# Percentage of Uncertainty

1. Dec 10, 2004

### CollectiveRocker

How do you go about finding the percentage in the uncertainty of momentum, if you already know the momentum and delta momentum? I'm asking because both of them end up being the same; thus I'm wondering if I'm terribly wrong. Any advice?

2. Dec 10, 2004

### Tide

To find the percentage change divide the change in momentum by the (starting) momentum and multiply by 100%. The change in momentum has units of momentum but the percentage change has no units so they are not the same.

3. Dec 10, 2004

### CollectiveRocker

The thing which I've discovered is that when I use that formula, I only end up with 100% back again. Are delta p and p supposed to be the same? For I've taken the things I know, the uncertainty in position and charge, and rearranged them in order to solve for things which I don't know.

4. Dec 10, 2004

### CollectiveRocker

Any ideas guys?

5. Dec 10, 2004

### NateTG

Can you give some more context with this question? Specifically, is it about Quantum Mechanics and Heisenberg's Uncertainty Principle, or something else?

6. Dec 10, 2004

### CollectiveRocker

It is about Heisenberg's Uncertainty Principle. We are given the uncertainty for the position of the 1 KeV electron, and we're asked to find the percentage of uncertainty in it's momentum. Now, I've already found the uncertainty of momentum. However, when I use that answer and solve for momentum, both mometum and the uncertainty in momentum are equal. Thus when I use the % formula: (delta p *100%)/p, I end up with 100% as my percentage. What am I doing wrong?

7. Dec 10, 2004

### NateTG

This is ceratinly not my area of expertise, but why do you think having the uncertainty equal to the momentum is an incorrect answer? From what I understand the uncertainty can be larger than the momentum as well.

8. Dec 10, 2004

### CollectiveRocker

Doesn't that mean that my percentage in my uncertainty is 100%?

9. Dec 10, 2004

### dextercioby

Why not??As far as the calculations u made are correct,then that should be it.But i'd like to see all the numbers,though.U say the KE of the electron is 1KeV.Please give us the uncertainty in distance.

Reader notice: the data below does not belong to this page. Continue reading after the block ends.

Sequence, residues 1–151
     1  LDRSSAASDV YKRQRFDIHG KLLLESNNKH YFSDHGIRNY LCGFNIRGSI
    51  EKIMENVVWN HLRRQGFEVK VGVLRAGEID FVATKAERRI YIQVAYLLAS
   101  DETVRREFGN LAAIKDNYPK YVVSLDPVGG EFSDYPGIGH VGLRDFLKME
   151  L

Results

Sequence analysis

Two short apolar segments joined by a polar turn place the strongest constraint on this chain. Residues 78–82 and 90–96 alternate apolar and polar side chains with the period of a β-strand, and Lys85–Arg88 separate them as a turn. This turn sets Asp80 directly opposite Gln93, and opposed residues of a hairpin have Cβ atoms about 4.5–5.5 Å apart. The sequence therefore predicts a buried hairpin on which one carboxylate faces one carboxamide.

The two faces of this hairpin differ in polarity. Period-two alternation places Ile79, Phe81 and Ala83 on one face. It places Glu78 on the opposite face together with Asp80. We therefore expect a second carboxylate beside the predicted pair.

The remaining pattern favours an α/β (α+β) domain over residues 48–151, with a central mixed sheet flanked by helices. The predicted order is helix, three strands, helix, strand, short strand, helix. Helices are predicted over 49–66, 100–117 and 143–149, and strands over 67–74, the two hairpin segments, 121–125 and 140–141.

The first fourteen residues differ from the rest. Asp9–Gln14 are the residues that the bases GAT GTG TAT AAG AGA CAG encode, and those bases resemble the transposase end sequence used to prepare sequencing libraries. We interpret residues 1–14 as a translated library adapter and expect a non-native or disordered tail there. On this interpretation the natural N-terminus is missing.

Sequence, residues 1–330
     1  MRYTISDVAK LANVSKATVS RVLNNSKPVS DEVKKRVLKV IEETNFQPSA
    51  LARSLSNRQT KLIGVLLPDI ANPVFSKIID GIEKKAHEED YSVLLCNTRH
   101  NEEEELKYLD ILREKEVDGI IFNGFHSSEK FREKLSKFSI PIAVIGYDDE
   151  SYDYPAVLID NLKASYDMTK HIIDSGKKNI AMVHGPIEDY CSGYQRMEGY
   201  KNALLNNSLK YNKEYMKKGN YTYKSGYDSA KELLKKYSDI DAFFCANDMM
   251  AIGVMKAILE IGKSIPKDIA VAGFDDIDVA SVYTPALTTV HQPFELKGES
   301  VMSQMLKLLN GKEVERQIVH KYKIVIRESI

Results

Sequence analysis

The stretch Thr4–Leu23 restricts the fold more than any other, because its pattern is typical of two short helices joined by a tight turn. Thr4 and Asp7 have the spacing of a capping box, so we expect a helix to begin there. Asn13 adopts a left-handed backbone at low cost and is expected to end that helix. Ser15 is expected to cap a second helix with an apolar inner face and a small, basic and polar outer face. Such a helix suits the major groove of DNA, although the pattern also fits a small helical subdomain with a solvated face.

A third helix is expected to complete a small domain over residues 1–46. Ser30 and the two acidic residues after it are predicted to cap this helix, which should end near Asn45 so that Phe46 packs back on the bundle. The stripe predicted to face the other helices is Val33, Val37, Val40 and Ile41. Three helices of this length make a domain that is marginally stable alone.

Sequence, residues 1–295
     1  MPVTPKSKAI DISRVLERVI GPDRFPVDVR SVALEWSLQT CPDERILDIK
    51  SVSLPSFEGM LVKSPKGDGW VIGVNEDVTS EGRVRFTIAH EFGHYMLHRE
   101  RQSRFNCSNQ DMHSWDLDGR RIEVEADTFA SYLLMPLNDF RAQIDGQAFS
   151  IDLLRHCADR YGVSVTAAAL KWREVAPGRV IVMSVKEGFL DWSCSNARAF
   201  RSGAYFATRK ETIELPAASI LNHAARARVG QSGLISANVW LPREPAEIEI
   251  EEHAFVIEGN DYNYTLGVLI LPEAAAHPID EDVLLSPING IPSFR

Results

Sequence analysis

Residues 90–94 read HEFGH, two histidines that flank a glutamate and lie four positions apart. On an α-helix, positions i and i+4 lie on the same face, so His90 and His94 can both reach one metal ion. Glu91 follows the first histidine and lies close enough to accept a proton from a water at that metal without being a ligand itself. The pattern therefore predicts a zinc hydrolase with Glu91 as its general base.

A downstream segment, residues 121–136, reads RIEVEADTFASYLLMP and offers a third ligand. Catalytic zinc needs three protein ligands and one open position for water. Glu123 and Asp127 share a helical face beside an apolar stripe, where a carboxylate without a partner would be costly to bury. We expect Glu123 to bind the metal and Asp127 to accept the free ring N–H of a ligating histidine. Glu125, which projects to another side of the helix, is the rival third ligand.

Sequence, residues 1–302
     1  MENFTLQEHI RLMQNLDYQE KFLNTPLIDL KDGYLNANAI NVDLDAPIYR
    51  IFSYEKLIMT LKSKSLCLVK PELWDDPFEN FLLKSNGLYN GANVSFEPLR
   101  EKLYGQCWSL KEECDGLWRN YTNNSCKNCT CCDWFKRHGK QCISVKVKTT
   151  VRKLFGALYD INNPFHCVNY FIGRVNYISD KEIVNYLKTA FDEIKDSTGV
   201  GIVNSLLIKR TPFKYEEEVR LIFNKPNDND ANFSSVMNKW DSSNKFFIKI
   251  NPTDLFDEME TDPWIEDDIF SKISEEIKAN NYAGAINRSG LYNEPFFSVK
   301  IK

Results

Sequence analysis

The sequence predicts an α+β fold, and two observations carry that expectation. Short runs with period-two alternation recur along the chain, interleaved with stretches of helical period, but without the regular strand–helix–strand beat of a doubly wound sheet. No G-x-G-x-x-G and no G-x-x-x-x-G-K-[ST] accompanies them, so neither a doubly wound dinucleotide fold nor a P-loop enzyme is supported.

Daniel.

10. Dec 10, 2004

### CollectiveRocker

the uncertainty of position is .100 nm

11. Dec 10, 2004

### dextercioby

I'm sorry to say,that,but you screwed up the numbers.Did u use the correct (nonrelativistic) formula for the momentum in terms of the KE??If so,combined with Heisenberg formula u should be getting less than 1%.

Daniel.

12. Dec 10, 2004

### CollectiveRocker

The formula for KE = (p^2)/2m
k = 2pi/lambda, and delta p = h/lambda

13. Dec 10, 2004

### NateTG

I also get less than 1% uncertainty.

14. Dec 10, 2004

### CollectiveRocker

with what formula

15. Dec 10, 2004

### dextercioby

Nope,delta p_x is given by the Heisenberg (not de Broglie) formula wrt to h and delta x

16. Dec 10, 2004

### CollectiveRocker

for delta p do you get 6.626 * 10^-24?

17. Dec 10, 2004

### dextercioby

Yes.This thread is getting annoyingly long. :tongue2:

18. Dec 10, 2004

### CollectiveRocker

I'm sorry to keep on testing your patience. So then we solve for k using k = 2pi/lambda, because lambda = delta x, and I get 6.283 * 10^10

19. Dec 10, 2004

### dextercioby

Pay attention.It's not difficult at all:
$$E=\frac{p^{2}}{2m}$$ From which $$p=\sqrt{2mE}$$.Plug in the numbers,and find the result.If u don't know,learn that
$$m=9.1\cdot 10^{-31} kg$$.

Express the enrgy in Joules,compute the momentum and from there,devide the number u got for $\Delta p$ through the number u got for "p" and express the final result in terms of procents.

Daniel.

20. Dec 10, 2004